The smell of incense and roasted sweet corn filled the air Wednesday evening at Father Hennepin Bluff Park on the downtown Minneapolis riverfront. Bikers and joggers passed by, but masked people who’d already reserved free, two-hour timed tickets lined up to get temperature checks at the entrance to the first-ever Black Entrepreneur State Fair in Minneapolis.
Organized in just two months by Destinee Shelby, 28, who owns the custom dessert business Baked Brand LLC, the fair’s intent is to lift up Black business owners. Running through Saturday, it features 50 vendors spread out throughout the park on Main Street across from downtown, including some who were just getting their businesses going when the pandemic hit, or had recently lost work.
“With everything going on with George Floyd and the riots and the Black community, I wanted to give them a place to heal and support each other and uplift each other,” she said.
Shelby had envisioned it as a small event for other food vendors who wanted to sell fair food after the Minnesota State Fair was called off. But the project blew up after she created a flier to promote it.
“It went viral because it had the word ‘Black’ in it,” she said. “It was a lot of people on Facebook saying we were racist because we were having a Black State Fair and we were bringing segregation back.”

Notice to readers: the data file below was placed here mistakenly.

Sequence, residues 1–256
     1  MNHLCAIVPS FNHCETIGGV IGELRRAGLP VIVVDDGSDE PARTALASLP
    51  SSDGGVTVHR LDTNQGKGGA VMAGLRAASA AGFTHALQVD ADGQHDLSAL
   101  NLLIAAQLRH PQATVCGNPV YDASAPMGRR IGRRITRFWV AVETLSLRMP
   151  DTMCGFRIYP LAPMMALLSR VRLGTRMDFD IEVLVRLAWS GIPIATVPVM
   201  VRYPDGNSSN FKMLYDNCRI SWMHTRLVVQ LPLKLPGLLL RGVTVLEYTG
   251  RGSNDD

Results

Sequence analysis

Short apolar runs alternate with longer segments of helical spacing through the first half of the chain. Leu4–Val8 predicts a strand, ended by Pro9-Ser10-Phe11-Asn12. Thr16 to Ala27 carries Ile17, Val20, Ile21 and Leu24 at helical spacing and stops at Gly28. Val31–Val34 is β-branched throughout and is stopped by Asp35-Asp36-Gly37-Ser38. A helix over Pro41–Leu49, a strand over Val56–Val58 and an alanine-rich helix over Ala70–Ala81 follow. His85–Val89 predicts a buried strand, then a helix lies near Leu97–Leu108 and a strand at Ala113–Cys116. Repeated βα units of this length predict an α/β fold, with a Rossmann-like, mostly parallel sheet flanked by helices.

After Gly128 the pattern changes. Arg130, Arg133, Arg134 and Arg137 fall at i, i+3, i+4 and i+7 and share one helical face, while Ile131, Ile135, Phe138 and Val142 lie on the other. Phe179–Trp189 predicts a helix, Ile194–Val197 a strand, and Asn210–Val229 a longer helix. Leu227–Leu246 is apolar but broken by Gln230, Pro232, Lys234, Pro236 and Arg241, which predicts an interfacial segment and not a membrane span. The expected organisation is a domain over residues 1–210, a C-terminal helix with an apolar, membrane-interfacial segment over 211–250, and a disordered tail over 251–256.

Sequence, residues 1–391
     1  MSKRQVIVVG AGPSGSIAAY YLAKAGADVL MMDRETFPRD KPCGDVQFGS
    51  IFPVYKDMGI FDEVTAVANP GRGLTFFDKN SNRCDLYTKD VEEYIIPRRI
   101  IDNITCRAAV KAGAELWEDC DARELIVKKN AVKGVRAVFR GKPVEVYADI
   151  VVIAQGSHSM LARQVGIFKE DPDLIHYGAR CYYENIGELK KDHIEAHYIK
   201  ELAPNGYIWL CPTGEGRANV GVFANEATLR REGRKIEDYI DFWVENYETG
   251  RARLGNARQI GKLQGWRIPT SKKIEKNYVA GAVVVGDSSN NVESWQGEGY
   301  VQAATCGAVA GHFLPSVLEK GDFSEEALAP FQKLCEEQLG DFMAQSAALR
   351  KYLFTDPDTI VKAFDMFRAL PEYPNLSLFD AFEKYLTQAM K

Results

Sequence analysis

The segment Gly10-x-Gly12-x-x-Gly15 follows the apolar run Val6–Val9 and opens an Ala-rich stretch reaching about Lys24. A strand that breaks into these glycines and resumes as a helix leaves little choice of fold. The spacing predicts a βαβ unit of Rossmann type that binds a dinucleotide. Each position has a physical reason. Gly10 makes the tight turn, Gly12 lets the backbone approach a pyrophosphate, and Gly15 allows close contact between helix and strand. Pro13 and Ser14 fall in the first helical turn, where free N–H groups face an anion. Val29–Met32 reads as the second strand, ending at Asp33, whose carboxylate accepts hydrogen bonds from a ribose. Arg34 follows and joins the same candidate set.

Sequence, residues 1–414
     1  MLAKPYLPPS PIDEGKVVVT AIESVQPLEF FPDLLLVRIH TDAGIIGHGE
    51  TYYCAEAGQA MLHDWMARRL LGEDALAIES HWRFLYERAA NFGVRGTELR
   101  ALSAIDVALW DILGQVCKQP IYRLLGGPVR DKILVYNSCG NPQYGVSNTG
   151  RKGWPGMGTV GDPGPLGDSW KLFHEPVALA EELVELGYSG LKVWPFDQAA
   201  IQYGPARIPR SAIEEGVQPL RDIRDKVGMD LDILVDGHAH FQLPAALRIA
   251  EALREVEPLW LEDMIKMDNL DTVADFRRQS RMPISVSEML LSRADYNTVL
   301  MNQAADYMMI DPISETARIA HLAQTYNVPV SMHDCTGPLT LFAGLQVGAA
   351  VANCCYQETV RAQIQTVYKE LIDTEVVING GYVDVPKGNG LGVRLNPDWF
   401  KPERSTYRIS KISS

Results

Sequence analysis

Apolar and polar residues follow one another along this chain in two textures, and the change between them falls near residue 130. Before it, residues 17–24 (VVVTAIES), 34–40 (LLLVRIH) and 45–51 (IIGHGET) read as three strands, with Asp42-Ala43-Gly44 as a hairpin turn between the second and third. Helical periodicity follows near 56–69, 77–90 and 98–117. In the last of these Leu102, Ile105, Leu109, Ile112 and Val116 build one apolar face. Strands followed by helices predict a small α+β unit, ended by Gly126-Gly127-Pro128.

She issued a statement explaining that she was both Black and white; the Black community stood behind her. After a struggle getting a permit for the event, she partnered with Todd Gramenz from Black Lives Matter St. Paul, and also met with the Minnesota Attorney General’s office via Zoom. Then she worked with the Minneapolis Park Board on a detailed COVID-safe plan.
One of the vendors is Chelcy Hunt, owner of the custom-designed household and beauty supply business Hunt for Variety. Her table was covered in jars of sweet-smelling bath salts, candles, nail polishes, body scrubs, and even a new line of kid-friendly lip balm made by her 7-year-old daughter Devianne.
Hunt sold her goods at the Twin Cities Pride fest in Loring Park the past two years. She tried doing the online version this year, but it wasn’t the same.
“People want to touch things and smell things,” she said.
Jasmine Greene owns Roots of Ruth, a line of natural body products. The business was founded by her aunt in 2014, but she died two years later. Greene relaunched the business in March, just a month before losing her job. After just three days at the fair, she said she’s made $1,500 in sales.
Beauty products are essential, but so is roasted corn, one of the most missed foods since the State Fair shut down. Luckily, St. Paul-based chef Ebonie Temple, owner of Ebonie’s Kitchen, is selling two kinds: jerk and lemon pepper. This is her first-ever fair.
Shelby said she plans to make the fair an annual event, with pop-ups every two months. The fair is open Thursday and Friday from 4 to 8 p.m. and Saturday from 11 a.m. to 8 p.m. Reserved two-hour timed tickets are available online through eventbrite.com.
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